Starting a few years after the breakup of the Soviet Union, Frazier began to travel to Russia and on to Siberia. His first trips are brief (such as when he travelled across the Bering Straits from Alaska). In 2001, he made an extensive journey across the vastness of the continent, traveling in a used van with two Russian guides. The story of this trip consumes the bulk of the book. He later returns and does another long trip through the central part of Siberia in March (still winter, but late enough there is more sun and the temperatures are not quite as cold). In describing his travels, he tells of the history and geography of the region while weaving in stories from other travelers to this vast, sparsely settled, part of the world. One such traveler, fellow Ohioan George Kennan helped survey a telegraph line across the region. Ironically, this George Kennan shares a name and is distantly related to a better-known American diplomat who worked with the Soviet Union during the early years of the Cold War. The older Kennan was enthralled with Siberia. His first book was a hit and perhaps because he wrote so favorable on his experiences, he was invited back to write a more detailed book. In his latter travels, he saw the brutality of the Czar’s labor camps and lambasted the treatment of prisoners. This caused him to be barred from Russia but also helped give the term “Siberia” another meaning. No longer was it known only as a vast wasteland; it also became a word known for severe punishment. His descriptions upset people. Supposedly Mark Twain, upon attending a lecture given by Kennan, stood up at the end and said (referring to the revolutionaries who were bombing the Czar and targets), if dynamite is the answer, thank God for dynamite. (57)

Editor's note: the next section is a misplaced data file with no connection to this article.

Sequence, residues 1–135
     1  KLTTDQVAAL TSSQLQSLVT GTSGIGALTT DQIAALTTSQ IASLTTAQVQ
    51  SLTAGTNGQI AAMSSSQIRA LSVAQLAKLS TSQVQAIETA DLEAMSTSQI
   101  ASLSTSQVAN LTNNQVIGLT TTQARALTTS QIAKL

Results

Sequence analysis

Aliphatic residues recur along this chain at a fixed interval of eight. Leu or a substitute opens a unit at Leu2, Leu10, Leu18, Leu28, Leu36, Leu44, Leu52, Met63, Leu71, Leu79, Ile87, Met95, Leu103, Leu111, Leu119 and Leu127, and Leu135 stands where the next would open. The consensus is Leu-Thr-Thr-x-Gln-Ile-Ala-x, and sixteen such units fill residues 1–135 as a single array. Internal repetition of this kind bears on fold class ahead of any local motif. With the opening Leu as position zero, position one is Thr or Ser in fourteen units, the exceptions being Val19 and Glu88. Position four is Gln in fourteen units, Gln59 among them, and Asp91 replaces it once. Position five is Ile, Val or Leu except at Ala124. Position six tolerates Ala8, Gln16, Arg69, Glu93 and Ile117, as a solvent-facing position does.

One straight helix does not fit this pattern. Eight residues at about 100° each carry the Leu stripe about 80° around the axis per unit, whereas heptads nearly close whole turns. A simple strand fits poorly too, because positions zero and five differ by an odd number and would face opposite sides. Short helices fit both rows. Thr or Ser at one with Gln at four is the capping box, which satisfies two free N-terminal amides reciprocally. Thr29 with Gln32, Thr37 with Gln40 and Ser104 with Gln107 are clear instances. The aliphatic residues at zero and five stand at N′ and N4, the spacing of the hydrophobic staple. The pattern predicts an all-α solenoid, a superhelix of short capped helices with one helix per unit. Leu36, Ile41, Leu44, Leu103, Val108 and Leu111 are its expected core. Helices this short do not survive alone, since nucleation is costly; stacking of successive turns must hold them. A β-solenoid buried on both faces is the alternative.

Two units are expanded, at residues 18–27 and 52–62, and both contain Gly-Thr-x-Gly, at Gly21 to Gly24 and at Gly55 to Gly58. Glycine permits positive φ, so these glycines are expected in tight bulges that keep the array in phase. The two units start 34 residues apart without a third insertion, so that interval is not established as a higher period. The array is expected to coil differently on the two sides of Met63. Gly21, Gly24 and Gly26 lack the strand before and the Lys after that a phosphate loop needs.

Frazier tells the history of Siberia starting with the Mongols who, for centuries, dominated Russia by frequently invading and sacking cities east of the Urals. These invaders were ruthless, often killing all the inhabitants of a city. When Russia was finally able to subdue the Islamic Mongolians (they’d later become Buddhists) with equally ruthless practices, it was a consolation prize for Christendom who’d lost the Ottoman Empire to Muslims conquerors. Frazier notes that 911 (which ironically occurred as he completed his first trans-Siberian trip in a van) wasn’t a new war, but a winkle in an older war that he been ongoing for centuries. (335)